It had been a long time in coming.
Conditions hadn’t been right before then, nor had mankind been ready. By the time they were in any position to experiment with a more reliable form of subsistence than hunting, foraging, or scavenging, the impossible climate of the last ice age had arrived.
But as they shivered out those forty thousand years or more it seems they bettered their potential. The brutal conditions made intelligence more vital for survival than in the warmer interglacial periods. Their behaviour had to be more flexible and inventive. Every conceivable notion of survival, every possible means to advance their tenure on earth was put into practice, including wiping out their closest competitor – the Neanderthal.
The earth wobbled on its axis again, tilting just enough for the amount of sunlight striking the globe to grow. The ice sheets retreated. Much of the earth’s fresh water, formerly locked up as ice, now fell as rain. The new climate favoured a proliferation of life that had struggled for survival during the glacial gloom; plants that had teetered on the edge of ice sheets and existence crept forward and thrived. Broad-leaved forest advanced north, to the south open woods and grasslands sprang up over wastelands and desert.
The megafauna of the open tundra and vast steppes vanished, replaced by smaller beasts less migratory in their seasonal habits. And so, no longer forced to follow the routes of migrating beasts or flee the insufferable cold, people of this postglacial epoch established smaller territories that allowed greater intimacy and control over local natural resources.
Everything was now in order for the greatest technological achievement of their reign. It could only have happened then, it could only have happened in a few places on earth.
One place was south of the deciduous forest that stretched like a belt across the globe. On a crescent-shaped patch over northern Africa around 8000BC, mankind had grown in numbers. Competition for wild food resources had become fierce and new strategies of survival were necessary. Amongst the staple of wild plants they gathered were fast growing grasses that produced seeds they could grind into coarse bread. Perhaps they started throwing seeds here and there and were encouraged when new shoots emerged. The leap that followed would change the course of human history and transform the face of the earth forever.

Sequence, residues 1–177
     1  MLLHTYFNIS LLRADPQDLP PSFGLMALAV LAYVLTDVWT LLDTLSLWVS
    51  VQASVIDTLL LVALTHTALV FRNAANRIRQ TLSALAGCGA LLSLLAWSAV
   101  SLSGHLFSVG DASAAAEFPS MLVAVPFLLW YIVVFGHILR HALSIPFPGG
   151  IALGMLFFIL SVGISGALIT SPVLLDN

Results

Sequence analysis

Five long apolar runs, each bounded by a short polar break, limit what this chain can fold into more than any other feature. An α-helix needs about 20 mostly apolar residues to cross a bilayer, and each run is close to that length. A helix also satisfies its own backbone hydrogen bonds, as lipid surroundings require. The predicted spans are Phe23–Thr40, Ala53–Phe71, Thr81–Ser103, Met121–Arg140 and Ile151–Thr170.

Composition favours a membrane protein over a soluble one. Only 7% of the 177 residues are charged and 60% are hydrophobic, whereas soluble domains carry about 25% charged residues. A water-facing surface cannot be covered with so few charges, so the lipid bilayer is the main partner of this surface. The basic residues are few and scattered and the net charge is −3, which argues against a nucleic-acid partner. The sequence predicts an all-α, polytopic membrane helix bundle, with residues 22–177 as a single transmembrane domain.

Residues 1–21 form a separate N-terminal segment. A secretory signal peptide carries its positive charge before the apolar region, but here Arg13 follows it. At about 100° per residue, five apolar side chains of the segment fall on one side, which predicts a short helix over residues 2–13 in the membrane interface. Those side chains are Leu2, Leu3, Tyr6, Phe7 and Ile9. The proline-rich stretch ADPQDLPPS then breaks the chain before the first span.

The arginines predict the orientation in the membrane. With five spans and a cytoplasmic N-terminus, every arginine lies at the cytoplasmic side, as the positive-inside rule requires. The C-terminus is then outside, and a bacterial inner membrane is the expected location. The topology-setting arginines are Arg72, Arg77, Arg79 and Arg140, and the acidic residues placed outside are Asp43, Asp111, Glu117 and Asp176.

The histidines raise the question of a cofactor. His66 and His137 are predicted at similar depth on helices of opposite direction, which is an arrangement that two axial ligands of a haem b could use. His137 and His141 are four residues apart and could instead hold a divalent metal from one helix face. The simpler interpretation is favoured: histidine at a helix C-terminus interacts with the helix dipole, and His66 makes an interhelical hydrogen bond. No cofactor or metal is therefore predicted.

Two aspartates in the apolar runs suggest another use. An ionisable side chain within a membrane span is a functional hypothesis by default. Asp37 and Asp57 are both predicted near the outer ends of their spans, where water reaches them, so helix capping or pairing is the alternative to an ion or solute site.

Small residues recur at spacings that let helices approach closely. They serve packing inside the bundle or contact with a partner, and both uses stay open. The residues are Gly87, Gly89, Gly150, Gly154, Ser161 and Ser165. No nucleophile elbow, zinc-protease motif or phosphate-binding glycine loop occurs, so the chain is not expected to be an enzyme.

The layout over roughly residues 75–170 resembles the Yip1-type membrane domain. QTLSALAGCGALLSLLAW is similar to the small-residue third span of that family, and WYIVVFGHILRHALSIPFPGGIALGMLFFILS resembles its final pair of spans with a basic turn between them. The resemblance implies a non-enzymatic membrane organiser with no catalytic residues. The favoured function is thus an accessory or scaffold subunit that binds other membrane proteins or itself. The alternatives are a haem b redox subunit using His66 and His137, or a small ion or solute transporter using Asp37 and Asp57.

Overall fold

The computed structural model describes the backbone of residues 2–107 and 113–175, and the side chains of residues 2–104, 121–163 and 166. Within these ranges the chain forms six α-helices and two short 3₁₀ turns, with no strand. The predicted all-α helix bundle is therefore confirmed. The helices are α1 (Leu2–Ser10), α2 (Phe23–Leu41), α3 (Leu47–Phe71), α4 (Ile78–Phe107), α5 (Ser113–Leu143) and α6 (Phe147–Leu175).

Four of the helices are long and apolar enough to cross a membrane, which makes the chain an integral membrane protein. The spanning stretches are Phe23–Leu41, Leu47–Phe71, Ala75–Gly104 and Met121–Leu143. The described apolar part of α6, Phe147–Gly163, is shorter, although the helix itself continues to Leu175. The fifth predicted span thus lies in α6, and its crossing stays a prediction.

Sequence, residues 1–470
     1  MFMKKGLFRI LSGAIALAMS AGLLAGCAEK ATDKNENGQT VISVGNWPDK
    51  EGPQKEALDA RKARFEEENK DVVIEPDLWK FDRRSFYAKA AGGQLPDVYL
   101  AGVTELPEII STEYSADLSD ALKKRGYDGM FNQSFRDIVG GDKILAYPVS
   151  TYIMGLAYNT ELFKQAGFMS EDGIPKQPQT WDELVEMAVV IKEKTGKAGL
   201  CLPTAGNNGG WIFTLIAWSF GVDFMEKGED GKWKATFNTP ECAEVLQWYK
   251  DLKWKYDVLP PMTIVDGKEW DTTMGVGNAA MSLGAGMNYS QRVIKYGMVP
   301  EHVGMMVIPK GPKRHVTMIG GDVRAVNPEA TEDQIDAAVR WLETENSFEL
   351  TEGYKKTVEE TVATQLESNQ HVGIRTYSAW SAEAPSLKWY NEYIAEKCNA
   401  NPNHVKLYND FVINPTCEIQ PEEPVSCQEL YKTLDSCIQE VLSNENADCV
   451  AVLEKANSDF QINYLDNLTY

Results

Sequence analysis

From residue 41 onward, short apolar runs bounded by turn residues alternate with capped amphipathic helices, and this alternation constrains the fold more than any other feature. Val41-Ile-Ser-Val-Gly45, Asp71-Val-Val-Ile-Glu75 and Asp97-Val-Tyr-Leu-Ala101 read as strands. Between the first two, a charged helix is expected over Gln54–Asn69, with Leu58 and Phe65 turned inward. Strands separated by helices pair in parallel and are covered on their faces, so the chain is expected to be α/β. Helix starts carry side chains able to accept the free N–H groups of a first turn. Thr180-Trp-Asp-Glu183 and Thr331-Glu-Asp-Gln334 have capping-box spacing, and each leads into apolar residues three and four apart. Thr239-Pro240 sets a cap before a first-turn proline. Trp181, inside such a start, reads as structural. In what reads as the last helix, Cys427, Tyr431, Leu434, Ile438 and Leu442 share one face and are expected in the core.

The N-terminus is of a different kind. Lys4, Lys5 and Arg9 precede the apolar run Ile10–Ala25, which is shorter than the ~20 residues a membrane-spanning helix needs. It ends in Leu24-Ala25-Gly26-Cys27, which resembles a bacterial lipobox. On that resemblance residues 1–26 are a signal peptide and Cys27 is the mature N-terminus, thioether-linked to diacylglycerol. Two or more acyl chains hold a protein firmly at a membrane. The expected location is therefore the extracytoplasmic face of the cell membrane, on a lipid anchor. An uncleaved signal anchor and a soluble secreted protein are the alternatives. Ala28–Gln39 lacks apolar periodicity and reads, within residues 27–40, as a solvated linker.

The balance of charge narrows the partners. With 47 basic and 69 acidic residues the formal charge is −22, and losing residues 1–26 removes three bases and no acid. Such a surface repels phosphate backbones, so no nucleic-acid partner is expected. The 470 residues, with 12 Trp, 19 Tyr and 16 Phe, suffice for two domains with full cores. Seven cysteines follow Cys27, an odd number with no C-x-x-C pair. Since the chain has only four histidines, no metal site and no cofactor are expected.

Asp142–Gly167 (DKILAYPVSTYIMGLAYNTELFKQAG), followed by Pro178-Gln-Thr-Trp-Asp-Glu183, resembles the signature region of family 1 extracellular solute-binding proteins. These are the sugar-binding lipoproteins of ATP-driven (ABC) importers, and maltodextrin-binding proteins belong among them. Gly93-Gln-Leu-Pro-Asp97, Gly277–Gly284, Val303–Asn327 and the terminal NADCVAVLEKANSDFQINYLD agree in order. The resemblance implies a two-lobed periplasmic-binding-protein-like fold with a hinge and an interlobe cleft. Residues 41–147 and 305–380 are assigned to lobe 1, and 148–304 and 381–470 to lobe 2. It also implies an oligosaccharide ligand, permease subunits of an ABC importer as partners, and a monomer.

These people ceased their wandering ways, for tending crops required permanent places of living. Having long ago domesticated the wolf they now experimented with other tractable wild animals. Surpluses of meat and grain freed up labour for new crafts and professions demanded within this ever-changing milieu. Hierarchical organisation and a consistency of laws protected those who may have perished in their absence. Their numbers grew and grew.
And then, of course, they went forth. To flee their enemies, to abandon depleted soils, to comply with that foremost urge of nature: to disperse and propagate. Some bands failed in their quest and retraced their steps. Too far south they found unfriendly soils, in others places the land was too dry or too wet, too dark or too dangerous.
Others went north into temperate zones where they found their wheats were able to flourish. Within a few thousand years farming villages had sprung up in Anatolia, another thousand and they had reached the Balkans. They migrated along river valleys and up medium-sized streams; their routes dictated by highly fertile, wind-blown deposits laid down as soil, as if in invitation, by the last ice age.
Brand new cultures appeared with networks of trade that enabled the transfer of technology and artefacts far beyond their origins. Ornaments made out of thorny oysters were worn by people who had never seen the sea, copper decorated people who never saw malachite, cultigens of seed and livestock passed into environments far from where they had evolved, and a range of stones tilled soils and felled trees in lands unheard of to those that had mined or quarried them.
And everywhere they went they encountered another kind of people; those who had been there from the beginning, committed to be there to the end. But the more these farmers came into their land, the more these indigenes found themselves retreating. Their competitors had the edge. They used much less land to support far greater numbers. They exposed themselves less to dangerous wild beasts and the worst of nature’s elements. They had the resources of a primordial forest to supplement their own produce. They had greater immunity to microbial diseases passed on from their livestock. Gene by gene they absorbed indigenous traits more favourable to survival in this wetter, milder clime – a skin more suited to a lighter sun, a greater tolerance for the cold. Their more dependable social infrastructure allowed for a greater diversity of ideas, specialities and trade.
About two hundred generations after their forebears had set forth, the first farmers of Europe branched west and entered the Danubian Basin.
The age of the hunter-gatherer in Europe, along with a lifestyle that had remained unchallenged for hundreds of thousands of years, was drawing to a close.
Western civilisation had begun.